Artificial Intelligence for Identification of Images with Active Bleeding in Mesenteric and Celiac Arteries Angiography

Yiftach Barash, Adva Livne, Eyal Klang, Vera Sorin, Israel Cohen, Boris Khaitovich, Daniel Raskin

Research output: Contribution to journalArticlepeer-review

1 Scopus citations

Abstract

Purpose: The purpose of this study is to evaluate the efficacy of an artificial intelligence (AI) model designed to identify active bleeding in digital subtraction angiography images for upper gastrointestinal bleeding. Methods: Angiographic images were retrospectively collected from mesenteric and celiac artery embolization procedures performed between 2018 and 2022. This dataset included images showing both active bleeding and non-bleeding phases from the same patients. The images were labeled as normal versus images that contain active bleeding. A convolutional neural network was trained and validated to automatically classify the images. Algorithm performance was tested in terms of area under the curve, accuracy, sensitivity, specificity, F1 score, positive and negative predictive value. Results: The dataset included 587 pre-labeled images from 142 patients. Of these, 302 were labeled as normal angiogram and 285 as containing active bleeding. The model’s performance on the validation cohort was area under the curve 85.0 ± 10.9% (standard deviation) and average classification accuracy 77.43 ± 4.9%. For Youden’s index cutoff, sensitivity and specificity were 85.4 ± 9.4% and 81.2 ± 8.6%, respectively. Conclusion: In this study, we explored the application of AI in mesenteric and celiac artery angiography for detecting active bleeding. The results of this study show the potential of an AI-based algorithm to accurately classify images with active bleeding. Further studies using a larger dataset are needed to improve accuracy and allow segmentation of the bleeding. Graphical abstract: (Figure presented.)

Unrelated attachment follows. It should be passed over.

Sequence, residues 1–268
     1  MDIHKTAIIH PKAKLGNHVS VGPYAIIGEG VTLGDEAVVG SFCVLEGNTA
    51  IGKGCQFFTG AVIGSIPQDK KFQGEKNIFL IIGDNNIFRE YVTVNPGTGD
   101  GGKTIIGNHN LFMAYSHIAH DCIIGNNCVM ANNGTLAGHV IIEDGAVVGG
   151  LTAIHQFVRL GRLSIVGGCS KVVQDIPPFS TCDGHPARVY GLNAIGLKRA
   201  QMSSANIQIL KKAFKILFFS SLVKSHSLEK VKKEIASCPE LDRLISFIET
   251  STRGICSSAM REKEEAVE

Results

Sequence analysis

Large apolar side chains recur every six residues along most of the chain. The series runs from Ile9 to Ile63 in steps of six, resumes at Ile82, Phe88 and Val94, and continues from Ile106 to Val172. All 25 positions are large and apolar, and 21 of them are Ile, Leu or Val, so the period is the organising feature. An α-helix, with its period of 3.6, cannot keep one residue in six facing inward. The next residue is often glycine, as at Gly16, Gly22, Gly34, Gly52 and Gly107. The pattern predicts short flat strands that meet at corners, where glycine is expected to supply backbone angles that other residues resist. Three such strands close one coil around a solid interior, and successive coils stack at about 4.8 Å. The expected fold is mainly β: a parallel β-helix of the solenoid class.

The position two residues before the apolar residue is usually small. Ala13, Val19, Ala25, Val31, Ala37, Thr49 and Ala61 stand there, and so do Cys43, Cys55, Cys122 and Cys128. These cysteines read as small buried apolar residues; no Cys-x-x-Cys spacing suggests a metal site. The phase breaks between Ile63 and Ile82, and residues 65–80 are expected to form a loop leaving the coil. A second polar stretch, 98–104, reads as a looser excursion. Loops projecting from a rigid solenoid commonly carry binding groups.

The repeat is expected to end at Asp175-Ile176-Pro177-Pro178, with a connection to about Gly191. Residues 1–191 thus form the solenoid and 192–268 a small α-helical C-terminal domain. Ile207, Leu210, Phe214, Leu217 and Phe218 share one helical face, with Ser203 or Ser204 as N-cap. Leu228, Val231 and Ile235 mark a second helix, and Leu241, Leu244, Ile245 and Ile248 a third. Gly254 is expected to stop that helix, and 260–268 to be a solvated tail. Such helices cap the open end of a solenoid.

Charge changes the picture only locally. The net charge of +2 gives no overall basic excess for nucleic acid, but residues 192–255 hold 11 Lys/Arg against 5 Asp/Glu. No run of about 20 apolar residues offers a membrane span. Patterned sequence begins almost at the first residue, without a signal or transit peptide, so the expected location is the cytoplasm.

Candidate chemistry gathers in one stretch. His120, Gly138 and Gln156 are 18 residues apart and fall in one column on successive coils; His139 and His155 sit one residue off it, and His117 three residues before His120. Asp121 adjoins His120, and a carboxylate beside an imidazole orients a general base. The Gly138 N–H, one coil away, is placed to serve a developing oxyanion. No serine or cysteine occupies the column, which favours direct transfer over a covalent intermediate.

Original languageEnglish
JournalCardioVascular and Interventional Radiology
DOIs
StateAccepted/In press - 2024
Externally publishedYes

Keywords

  • Artificial intelligence
  • Convolutional neural networks
  • Gastrointestinal bleeding
  • Interventional radiology

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